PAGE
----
Their acquisitions have been immeasurably effective: a glowing model perhaps only shared by Atalanta. Wesley Fofana cost just £9million last summer and is WhoScored’s second-best centre-back in the league this season. Timothy Castagne has been pivotal for just £16million. This week’s hero Youri Tielemans was a relatively pricey £40m but the dogged Wilfred Ndidi was just £17million. Even Kelechi Iheanacho, who seemed destined to be banished to lands where Francis Jeffers and Sadio Berahino roam, has now scored 18 goals this season. His rejuvenation is another component of Leicesterism: not giving in to the impatient high turnover culture the league supposedly requires. There is reason to give time, to nurture. Leicester, doing it differently and winning along the way.
Of course, it’s the Vardy tale we’re always told is symbolic of his club, a walking microcosm of his club’s entire abrupt accession. From Fleetwood to here, a Premier League galactico, the striking python, even at 34. But we must not forget Brendan Rodgers has had an arch, too. Those last bleak days of Liverpool are behind him – the near-miss and the subsequent recuperation he could not pull together. He shouldered their failure and left.
Not with this club. There has been reignition. Leicester are third and he’s won his first major silverware in England. It’s likely that his own story means he too understands the significance of Leicester’s representation in the Premier League. “It has been pretty clear with the talk around the Super League and super-clubs and how they have been defined, but for us we would love to continue growing to be that people’s club as such: the club that supporters around the country look at and hope that their own club can do a Leicester in challenging the elite of the game,” he said.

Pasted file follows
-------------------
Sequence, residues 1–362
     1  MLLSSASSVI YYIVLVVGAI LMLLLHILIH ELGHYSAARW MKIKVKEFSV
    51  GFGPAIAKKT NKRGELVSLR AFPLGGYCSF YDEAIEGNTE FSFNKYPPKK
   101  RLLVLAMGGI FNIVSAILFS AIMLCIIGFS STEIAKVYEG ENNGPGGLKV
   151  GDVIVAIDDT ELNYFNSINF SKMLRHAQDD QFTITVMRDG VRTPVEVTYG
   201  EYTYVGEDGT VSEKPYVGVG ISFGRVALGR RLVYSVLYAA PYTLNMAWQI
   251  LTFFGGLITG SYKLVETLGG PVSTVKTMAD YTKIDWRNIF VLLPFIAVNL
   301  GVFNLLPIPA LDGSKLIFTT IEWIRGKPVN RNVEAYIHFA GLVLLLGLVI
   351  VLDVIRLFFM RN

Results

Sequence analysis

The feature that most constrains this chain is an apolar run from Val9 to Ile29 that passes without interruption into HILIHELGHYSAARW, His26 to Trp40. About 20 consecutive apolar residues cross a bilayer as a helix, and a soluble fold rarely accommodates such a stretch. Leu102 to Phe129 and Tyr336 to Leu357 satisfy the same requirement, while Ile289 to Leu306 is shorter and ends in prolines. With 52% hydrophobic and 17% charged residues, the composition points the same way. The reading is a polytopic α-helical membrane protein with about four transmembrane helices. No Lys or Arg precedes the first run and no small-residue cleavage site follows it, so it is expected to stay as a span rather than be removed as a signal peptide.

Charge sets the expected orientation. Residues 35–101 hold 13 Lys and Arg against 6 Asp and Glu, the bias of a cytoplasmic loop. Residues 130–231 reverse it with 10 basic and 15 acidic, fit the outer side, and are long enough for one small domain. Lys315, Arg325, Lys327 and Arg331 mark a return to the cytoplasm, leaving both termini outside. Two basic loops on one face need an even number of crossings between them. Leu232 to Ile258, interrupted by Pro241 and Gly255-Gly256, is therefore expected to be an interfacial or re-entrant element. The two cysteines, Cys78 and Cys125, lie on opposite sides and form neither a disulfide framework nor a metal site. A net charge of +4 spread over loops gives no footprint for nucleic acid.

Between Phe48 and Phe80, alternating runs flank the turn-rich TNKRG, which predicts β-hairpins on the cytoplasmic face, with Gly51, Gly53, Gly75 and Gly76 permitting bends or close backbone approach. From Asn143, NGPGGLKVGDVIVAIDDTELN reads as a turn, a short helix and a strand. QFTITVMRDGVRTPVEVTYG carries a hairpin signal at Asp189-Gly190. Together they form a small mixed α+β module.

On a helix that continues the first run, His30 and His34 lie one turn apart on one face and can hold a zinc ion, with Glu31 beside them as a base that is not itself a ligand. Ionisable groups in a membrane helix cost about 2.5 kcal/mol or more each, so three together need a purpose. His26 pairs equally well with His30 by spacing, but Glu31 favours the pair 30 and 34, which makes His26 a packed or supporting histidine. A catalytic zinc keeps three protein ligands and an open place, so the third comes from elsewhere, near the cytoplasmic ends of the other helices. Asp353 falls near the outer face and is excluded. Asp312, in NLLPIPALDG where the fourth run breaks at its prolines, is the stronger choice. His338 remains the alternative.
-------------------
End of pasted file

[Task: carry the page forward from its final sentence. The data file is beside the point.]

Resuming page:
To do a Leicester – defined as ‘to yield success despite the banker you’re playing against pocketing cash in front of your eyes’. Instead of feeling sorry for themselves. Leicester use this crooked game as a way of elevating their belief and desire. You have to be even more formidable and cunning when you are playing against the house.
Of course we like them. They offer a semblance of hope for the rest of us. You don’t have to play dirty if you play smart. That explained the collective jubilation on Saturday; it wasn’t just an intangible shared feeling of the unravelling of our Covid world, the drawing back of darkness to reveal our real world in its normality once more; it was also that Leicester’s win challenges our deeply held belief that football is naturally unfair.
It shouldn’t be this way. The top clubs in our league should really be a source of pride, yet nobody seems truly bothered by the upcoming Champions League final which features two of our own. But that’s their own making and how they’ve operated for some time, as their own mutinous boys’ club within the league.
Though this is all relevant to Leicester and how they’ve operated, this piece has already given the Big Six too much attention. There is nothing more to be gained in bemoaning the dissenters, to consume ourselves in their failings. In fact, why should we even pay attention to them at all when we have seen what Leicester have twice achieved now? The outsiders can continue to band together and meddle behind closed doors, but the exhilaration we experienced last weekend they’ll never fully quash. And this is hopefully just the beginning.